What's with Chickens?
Image above: Sketch of two chickens, Titian Ramsay Peale, n.d. APS Digital Library.
Most people probably don’t realize how important chickens have been in biological research. From Louis Pasteur (he used chickens to develop a cholera vaccine) onwards, chickens, their eggs, and embryos have served science.
The APS Library has among its collections two in which the chicken features prominently. One such collection is the papers of Hubert Dana Goodale (1879-1968). Goodale spent most of his career at Mount Hope Poultry Farm. Goodale, working with both cattle and chickens, was a key person in developing index breeding, which is a sophisticated way of breeding by weighting the desirability of multiple traits and evaluating progeny rather than pedigree. While Goodale’s goal was making better chickens for commercial use, his research contributed to the understanding of selection and evolution. Evidence of the research abounds in his papers, including one of the more unusual items in the collection: chicken feathers.
The second collection highlights the significant role that chickens played in cancer studies. Peyton Rous (APS 1939), working at the Rockefeller Institute in 1911, used cell-free filtrate from chicken tumors to demonstrate that the filtrate had in it an infectious agent that caused the same types of tumors in healthy chickens. As has happened with other scientific discoveries, Rous’ findings were not accepted as relevant to human cancers, since his early research was based on birds, not mammals. By the 1950s, however, increasing evidence supported the viral origins of tumors in mammals, and Rous, his research finally recognized for the pioneering effort it was, received the Nobel Prize in 1966—55 years after his research had been published.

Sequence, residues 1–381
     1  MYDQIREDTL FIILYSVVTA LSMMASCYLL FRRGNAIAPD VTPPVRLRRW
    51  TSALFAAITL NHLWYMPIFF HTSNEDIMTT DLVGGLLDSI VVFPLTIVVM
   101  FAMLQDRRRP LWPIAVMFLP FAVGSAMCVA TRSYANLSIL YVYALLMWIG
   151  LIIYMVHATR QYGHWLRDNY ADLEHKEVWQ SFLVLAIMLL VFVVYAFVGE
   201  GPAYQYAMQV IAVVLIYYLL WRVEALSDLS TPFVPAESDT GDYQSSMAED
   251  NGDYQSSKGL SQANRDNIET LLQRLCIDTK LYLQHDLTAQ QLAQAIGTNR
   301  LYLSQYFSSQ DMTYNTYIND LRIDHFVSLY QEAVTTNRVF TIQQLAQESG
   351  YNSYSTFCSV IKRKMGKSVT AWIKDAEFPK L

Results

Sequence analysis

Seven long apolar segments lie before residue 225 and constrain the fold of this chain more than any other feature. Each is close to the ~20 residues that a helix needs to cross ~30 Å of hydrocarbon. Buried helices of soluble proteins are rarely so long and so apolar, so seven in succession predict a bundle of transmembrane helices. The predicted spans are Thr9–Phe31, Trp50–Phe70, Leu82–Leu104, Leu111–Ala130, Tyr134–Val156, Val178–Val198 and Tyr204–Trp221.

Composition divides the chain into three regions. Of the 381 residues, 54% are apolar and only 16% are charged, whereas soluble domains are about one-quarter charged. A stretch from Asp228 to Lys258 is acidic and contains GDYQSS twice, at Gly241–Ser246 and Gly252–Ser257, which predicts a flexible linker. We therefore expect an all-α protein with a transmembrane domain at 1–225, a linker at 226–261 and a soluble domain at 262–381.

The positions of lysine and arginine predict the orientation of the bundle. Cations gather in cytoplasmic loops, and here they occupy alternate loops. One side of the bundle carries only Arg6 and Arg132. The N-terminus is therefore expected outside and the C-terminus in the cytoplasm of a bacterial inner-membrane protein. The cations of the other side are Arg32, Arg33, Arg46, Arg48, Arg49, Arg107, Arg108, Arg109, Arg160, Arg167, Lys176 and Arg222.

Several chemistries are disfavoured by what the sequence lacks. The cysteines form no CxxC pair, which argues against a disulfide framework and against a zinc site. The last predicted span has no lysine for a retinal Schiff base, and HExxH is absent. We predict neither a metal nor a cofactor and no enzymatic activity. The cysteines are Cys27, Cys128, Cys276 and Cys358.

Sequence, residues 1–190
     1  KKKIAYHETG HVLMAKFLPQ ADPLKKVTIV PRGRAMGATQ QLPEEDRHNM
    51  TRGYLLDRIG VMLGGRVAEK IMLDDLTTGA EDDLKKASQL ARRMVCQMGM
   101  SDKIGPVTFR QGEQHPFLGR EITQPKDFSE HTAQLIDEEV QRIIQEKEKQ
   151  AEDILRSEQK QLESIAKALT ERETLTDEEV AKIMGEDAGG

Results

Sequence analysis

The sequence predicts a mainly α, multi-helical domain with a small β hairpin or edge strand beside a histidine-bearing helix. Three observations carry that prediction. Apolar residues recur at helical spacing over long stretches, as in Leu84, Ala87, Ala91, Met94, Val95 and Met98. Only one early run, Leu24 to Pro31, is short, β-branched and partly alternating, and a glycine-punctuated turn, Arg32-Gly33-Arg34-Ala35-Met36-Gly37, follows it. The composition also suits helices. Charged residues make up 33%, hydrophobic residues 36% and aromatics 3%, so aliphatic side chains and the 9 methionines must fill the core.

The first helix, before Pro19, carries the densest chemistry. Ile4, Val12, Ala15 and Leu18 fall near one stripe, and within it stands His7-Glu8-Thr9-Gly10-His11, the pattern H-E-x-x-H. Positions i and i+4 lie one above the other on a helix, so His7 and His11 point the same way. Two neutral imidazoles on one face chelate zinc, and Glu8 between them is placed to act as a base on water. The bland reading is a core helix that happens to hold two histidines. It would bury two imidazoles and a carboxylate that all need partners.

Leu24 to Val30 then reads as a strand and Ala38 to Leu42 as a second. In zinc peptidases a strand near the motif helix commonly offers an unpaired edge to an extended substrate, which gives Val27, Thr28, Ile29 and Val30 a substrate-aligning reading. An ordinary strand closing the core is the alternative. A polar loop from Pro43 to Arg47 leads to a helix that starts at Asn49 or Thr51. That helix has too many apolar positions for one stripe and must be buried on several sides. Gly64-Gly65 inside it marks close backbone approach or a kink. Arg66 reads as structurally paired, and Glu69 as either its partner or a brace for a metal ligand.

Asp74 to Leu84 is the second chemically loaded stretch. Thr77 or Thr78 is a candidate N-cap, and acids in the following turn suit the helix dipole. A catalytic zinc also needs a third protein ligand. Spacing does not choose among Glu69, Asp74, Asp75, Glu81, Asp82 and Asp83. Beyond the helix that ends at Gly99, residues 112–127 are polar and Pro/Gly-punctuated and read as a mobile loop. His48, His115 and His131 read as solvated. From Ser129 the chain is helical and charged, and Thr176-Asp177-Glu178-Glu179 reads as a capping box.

Without the special characteristics of chickens and their eggs, science would still be scrambling in the dark for a deeper understanding of cancer and other diseases.